Latest headlines from around British Columbia
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DEC. 10, 2017
MAN MISSING AFTER CUMBERLAND FIRE 1210- A man is missing and three houses have been destroyed after a fire ripped through a residential neighbourhood in Cumberland on Vancouver Island. Dozens of firefighters tackled the blaze on Penrith Avenue early Saturday morning.
TEACHER SHORTAGE LEAVES A LOT OF OPENINGS 1210 - Teachers have their pick of jobs in British Columbia, but the head of their union warns that some students are going without their specially trained educators who are covering substitute positions that districts haven't been able to fill. B.C. Teachers Federation president Glen Hansman said students requiring one-on-one attention or support in small groups from special education teachers are shouldering the burden of staffing issues. "The bulk of the time, it's the child who's supposed to be receiving special education services who's unfairly having their program bumped that day," Hansman said.
42 SENT TO HOSPITAL AFTER CARBON MONOXIDE INCIDENT 12-10- Poor ventilation while operating power washing units at a Delta farm led to 42 people being sent to Lower Mainland hospitals on Saturday night. A hazardous material team and close to a dozen ambulances all responded at 2:57 p.m. to what was initially reported as exposure to a cleaning product, Shuster said. The workers at the farm had been exposed to high levels of carbon monoxide.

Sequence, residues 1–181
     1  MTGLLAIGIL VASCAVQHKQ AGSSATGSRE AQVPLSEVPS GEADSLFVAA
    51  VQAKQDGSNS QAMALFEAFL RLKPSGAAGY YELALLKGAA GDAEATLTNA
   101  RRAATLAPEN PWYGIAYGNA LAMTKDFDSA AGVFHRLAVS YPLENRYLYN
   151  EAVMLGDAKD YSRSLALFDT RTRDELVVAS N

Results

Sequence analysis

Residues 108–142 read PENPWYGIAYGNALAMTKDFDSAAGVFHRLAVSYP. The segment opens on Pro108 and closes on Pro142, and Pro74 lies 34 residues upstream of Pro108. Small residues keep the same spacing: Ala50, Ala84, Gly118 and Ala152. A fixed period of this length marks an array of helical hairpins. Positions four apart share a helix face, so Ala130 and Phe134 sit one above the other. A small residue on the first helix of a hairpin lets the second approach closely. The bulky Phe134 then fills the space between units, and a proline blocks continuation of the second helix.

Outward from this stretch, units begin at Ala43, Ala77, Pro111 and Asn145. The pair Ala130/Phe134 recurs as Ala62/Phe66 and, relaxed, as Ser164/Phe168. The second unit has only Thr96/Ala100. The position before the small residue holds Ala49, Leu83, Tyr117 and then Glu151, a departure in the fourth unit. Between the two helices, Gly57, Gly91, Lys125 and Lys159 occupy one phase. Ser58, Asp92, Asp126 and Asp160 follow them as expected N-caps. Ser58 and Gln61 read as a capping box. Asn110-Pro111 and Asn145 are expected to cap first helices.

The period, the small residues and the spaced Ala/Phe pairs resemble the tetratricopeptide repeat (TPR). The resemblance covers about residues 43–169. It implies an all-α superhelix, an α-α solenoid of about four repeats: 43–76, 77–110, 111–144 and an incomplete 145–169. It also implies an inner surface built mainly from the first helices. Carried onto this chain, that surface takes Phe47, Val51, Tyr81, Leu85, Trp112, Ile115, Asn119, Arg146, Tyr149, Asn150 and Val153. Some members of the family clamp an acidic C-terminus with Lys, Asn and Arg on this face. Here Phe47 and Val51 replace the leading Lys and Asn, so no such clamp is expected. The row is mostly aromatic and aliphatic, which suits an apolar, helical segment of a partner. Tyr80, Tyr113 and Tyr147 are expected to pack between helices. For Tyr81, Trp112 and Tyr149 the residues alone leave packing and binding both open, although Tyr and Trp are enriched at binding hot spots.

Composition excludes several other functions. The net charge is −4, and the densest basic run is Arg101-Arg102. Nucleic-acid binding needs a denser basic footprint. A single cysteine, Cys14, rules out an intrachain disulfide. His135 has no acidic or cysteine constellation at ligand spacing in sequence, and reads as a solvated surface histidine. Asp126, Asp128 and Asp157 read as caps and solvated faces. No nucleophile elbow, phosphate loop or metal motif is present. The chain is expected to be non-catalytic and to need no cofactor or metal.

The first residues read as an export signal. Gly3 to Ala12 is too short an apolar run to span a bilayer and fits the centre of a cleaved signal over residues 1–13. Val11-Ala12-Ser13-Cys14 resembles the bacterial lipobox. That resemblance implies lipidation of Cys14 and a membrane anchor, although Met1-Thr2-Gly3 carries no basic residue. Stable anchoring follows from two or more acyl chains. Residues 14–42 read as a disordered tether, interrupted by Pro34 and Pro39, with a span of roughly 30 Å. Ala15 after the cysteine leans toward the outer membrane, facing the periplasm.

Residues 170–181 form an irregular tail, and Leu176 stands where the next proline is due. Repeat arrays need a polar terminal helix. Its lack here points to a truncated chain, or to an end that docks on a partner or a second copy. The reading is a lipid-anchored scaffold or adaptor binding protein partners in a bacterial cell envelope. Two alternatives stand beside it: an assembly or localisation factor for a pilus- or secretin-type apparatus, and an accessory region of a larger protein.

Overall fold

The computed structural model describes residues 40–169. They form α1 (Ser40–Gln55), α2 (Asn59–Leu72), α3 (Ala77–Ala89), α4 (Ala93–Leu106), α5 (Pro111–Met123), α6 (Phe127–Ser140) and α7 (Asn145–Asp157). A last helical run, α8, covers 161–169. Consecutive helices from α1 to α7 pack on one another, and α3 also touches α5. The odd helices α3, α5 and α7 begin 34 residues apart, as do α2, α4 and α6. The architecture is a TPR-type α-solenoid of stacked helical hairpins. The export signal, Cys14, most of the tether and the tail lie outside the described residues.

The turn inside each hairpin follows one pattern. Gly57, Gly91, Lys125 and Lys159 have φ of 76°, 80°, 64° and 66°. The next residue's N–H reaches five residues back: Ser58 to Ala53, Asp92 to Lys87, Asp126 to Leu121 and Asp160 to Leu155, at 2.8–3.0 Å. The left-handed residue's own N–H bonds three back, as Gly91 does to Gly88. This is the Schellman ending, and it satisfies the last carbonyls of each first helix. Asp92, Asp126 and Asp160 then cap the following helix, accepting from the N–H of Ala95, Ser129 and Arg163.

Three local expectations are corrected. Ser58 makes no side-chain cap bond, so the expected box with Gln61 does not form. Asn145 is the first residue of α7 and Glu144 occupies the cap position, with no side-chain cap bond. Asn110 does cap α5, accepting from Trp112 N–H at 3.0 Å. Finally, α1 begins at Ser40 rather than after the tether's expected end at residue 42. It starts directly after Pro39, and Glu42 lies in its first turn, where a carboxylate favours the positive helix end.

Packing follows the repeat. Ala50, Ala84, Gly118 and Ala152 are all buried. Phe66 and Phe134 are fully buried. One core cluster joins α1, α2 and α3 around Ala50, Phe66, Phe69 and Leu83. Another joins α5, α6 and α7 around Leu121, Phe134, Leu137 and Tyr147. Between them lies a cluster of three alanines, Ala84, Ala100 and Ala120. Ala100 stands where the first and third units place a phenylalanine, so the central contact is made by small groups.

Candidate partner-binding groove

Saturday, December 9
LOGGING PLANS EXPOSE RIFT IN RECONCILLIATION - The B.C. government is pursuing profit over culture and community by selling logging rights on Haida Gwaii without permission, the president of the Council of the Haida Nation says. Peter Lantin compared the mood among Haida people to 1985, when members erected blockades to prevent the harvest of old-growth forests on Lyell Island. "The pent-up frustration on Haida Gwaii has built up to the place where it's going to blow out," he said.